I checked the STIG for UNIX with Linux additions, and I didn't see any mention of SELinux, so I doubt there is any requirement for it. Not entirely shocking that one government agency isn't aware of the work of another.

 

The number of configuration elements and the number of methods needed to adjust the configuration?

Without a STIG to work with, or any information to be gleened from the article, it would be hard to tell. To me, it just looks like another one of those "it's got to be more secure because it isn't Windows" statements rather than anything of quantitative merit.

 

So there you have it, I believe that both OSs are awesome, but have their drawbacks. What I would like to see are opinions of Windows Server 2003 and/or Windows XP SP2 vs. modern Linux distributions, rather than comparisons of older Windows distributions (such as 9x) in this thread. I'll post this in the www.ntcompatible.com forum and see if that can be arranged.

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Here is the link to NTComp's thread regarding this topic, although I asked them to post their opinions here for ease of reading:

 

http://www.ntcompatible.com/thread.php?id=30811

 

Remember, if you guys really want to break this topic down, then what about the security of desktop Linux systems (using some form of X server, the chosen desktop environment and affiliated libraries) versus server-style Linux systems using only the console and SSH connectivity? What really makes one more secure than the other? Also, try to compare current versions of operating systems, as using older versions wouldn't be a best practice to begin with in any software deployment.

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Is Linux just as vulnerable as Windows?

 

Some problems I've noticed with this question.....

 

1. Linux is not one OS, just as Windows is not one OS.

 

A better question would be: "Is (insert Linux distro here) just as vulnerable as (insert Windows version here)?

 

2. What is a vulnerability?

Answer: Flaw in OS, The User?, Physical Access to system, processor execution of code, etc.

 

 

 

 

Now, here's what I've seen from my experience in the military. I seperated in Dec, but from my discussion's with my friends this is the current status.

 

Most AF networks nowadays are Windows XP with Windows 2000 servers (a few dedicated NT4 servers) slowly being upgraded to Windows 2003 and of course Unix/Linux distros for certain organizations on base. Usually in AF networks Unix/Linux is relegated to firewall/intrusion detection/External DNS.

 

Really, Who would trust their network with a Microsoft Firewall? The AF doesn't. They use Secure Computing Sidewinder which uses a customized version of BSD. So, right there you see that Microsoft is not as good as Unix/Linux in the firewall department, or intrusion detection or DNS really.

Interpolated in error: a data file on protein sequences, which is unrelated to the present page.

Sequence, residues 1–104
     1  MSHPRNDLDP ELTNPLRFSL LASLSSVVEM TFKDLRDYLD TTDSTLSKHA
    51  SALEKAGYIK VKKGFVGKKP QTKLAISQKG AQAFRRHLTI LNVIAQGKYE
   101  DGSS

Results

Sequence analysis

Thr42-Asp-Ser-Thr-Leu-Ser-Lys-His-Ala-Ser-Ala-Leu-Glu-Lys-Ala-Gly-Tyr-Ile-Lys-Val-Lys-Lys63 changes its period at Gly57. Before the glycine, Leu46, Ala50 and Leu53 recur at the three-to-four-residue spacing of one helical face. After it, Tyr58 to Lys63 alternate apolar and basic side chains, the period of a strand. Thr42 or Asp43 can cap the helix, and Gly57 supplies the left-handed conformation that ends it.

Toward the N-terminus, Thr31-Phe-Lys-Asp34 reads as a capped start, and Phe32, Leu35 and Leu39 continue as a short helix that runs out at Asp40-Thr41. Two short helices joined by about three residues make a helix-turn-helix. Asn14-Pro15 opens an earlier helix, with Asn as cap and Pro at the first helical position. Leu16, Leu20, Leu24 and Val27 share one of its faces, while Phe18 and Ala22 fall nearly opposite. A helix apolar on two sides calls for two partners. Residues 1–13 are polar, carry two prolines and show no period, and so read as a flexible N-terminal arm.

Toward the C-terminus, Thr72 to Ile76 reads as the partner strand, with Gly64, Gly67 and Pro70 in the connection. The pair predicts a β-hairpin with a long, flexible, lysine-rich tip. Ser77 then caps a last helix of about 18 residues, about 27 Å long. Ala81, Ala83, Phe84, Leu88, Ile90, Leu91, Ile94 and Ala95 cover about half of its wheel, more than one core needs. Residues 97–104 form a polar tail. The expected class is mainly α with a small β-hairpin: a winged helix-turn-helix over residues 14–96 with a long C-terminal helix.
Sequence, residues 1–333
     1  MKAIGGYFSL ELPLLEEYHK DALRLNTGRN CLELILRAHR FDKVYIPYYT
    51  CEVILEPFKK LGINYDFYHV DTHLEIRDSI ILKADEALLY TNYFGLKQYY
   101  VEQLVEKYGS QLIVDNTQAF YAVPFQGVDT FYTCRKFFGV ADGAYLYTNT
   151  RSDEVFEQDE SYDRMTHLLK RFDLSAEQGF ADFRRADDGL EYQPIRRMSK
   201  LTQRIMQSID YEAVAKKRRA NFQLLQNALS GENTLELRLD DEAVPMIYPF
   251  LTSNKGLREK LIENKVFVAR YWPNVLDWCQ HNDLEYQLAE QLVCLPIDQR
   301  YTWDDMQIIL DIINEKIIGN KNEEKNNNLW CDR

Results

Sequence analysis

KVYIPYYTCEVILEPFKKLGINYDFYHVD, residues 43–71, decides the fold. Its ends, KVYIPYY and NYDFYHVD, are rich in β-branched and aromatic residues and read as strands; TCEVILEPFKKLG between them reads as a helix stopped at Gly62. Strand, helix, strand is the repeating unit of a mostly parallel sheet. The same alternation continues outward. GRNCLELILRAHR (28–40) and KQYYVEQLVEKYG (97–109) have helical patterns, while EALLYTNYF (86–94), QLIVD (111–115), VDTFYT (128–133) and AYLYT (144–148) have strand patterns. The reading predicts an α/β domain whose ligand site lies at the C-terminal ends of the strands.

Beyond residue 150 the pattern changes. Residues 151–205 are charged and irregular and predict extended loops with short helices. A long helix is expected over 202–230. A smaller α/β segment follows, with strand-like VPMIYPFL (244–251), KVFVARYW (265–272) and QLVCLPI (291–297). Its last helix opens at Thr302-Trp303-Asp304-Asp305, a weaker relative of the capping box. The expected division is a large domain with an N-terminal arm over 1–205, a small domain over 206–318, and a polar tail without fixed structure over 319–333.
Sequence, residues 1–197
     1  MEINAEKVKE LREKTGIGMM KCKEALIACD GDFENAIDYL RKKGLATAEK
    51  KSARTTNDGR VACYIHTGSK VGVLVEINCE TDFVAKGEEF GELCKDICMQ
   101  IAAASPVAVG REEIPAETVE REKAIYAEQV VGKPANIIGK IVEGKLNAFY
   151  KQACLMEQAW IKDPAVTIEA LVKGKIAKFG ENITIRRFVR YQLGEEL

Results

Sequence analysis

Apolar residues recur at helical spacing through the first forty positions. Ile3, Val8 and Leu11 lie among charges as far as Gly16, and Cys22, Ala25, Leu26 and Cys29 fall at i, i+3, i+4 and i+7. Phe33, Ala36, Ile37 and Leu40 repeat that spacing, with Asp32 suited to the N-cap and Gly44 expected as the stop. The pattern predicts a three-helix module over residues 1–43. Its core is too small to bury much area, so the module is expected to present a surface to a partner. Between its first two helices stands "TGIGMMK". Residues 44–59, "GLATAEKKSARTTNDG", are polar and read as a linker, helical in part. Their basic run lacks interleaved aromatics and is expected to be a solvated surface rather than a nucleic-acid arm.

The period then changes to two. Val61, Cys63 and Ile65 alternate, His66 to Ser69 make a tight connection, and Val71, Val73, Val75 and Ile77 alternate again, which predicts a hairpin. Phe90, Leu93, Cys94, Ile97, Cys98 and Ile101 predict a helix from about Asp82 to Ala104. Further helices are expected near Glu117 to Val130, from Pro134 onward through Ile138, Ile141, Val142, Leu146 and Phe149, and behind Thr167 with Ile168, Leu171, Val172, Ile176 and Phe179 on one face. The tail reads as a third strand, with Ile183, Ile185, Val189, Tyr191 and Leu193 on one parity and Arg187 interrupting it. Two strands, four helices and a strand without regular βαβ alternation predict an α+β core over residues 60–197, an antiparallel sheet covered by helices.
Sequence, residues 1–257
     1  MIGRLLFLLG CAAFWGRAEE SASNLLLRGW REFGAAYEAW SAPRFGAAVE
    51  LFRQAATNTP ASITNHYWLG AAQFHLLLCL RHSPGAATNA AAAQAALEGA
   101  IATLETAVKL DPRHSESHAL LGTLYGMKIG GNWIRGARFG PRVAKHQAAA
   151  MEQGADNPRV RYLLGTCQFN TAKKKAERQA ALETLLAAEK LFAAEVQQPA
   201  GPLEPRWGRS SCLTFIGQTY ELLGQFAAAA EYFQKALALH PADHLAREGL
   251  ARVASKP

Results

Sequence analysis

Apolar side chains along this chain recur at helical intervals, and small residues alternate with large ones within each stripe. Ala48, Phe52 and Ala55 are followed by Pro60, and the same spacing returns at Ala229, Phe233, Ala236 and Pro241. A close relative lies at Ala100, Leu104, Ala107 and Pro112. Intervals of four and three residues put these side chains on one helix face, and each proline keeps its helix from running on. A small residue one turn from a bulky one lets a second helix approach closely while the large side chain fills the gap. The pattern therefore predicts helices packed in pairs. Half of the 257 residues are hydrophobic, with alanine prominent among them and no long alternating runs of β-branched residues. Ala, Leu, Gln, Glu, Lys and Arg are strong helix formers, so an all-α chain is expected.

Speaking of DNS. We've all used it, we're using it right now. What are most internet sites that host DNS using for their DNS? Are they using Microsoft DNS? Of course not! They're using BIND! Why? Because that's the standard! It works much better than Microsoft's version since MS version is based off of BIND!

 

 

How about Print servers? Anyone here ever use a Linux printer server and an MS print server? How much trouble does your Linux printer server give you compared to your MS print server? Not much! For some reason from NT4-2003 the print spooler in Windows always seems to mess up, not so with the Linux print spooler.

 

 

So far we have Linux/Unix beating MS in Firewall, intrusion detection, DNS, print spooler.

 

 

Basically what we see here is that MS for far too long has focused mainly on the desktop/server market....and basically getting by with the "if it works, don't fix it...just make it prettier department".

 

 

As for the arguments that Open-source code is easier for coders to get access to and create viruses and that since Windows source is closed that coders have a harder time creating viruses....that's true. But wait a minute! That obviouslly hasn't stopped them! It's not like we need Windows kernel code to create a killer virus. Viruses are released all the time created with simple macro or system commands/API's that are easily run on Windows systems as long as the user as administrator access. The fact that *nix users are commonly taught to not use root whereas your not really told to do so on a Windows system is one more reason why *nix is more secure. Heck, just install Windows XP and by default it'll make you an administrator.

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Interesting response. So...

 

MS not being used in firewalling is a common thing. I mean, why install a host OS, then a firewall application on a server when you could just use some form of appliance like a PIX (we like these, along with Netscreen products as we had issues with Sidewinders).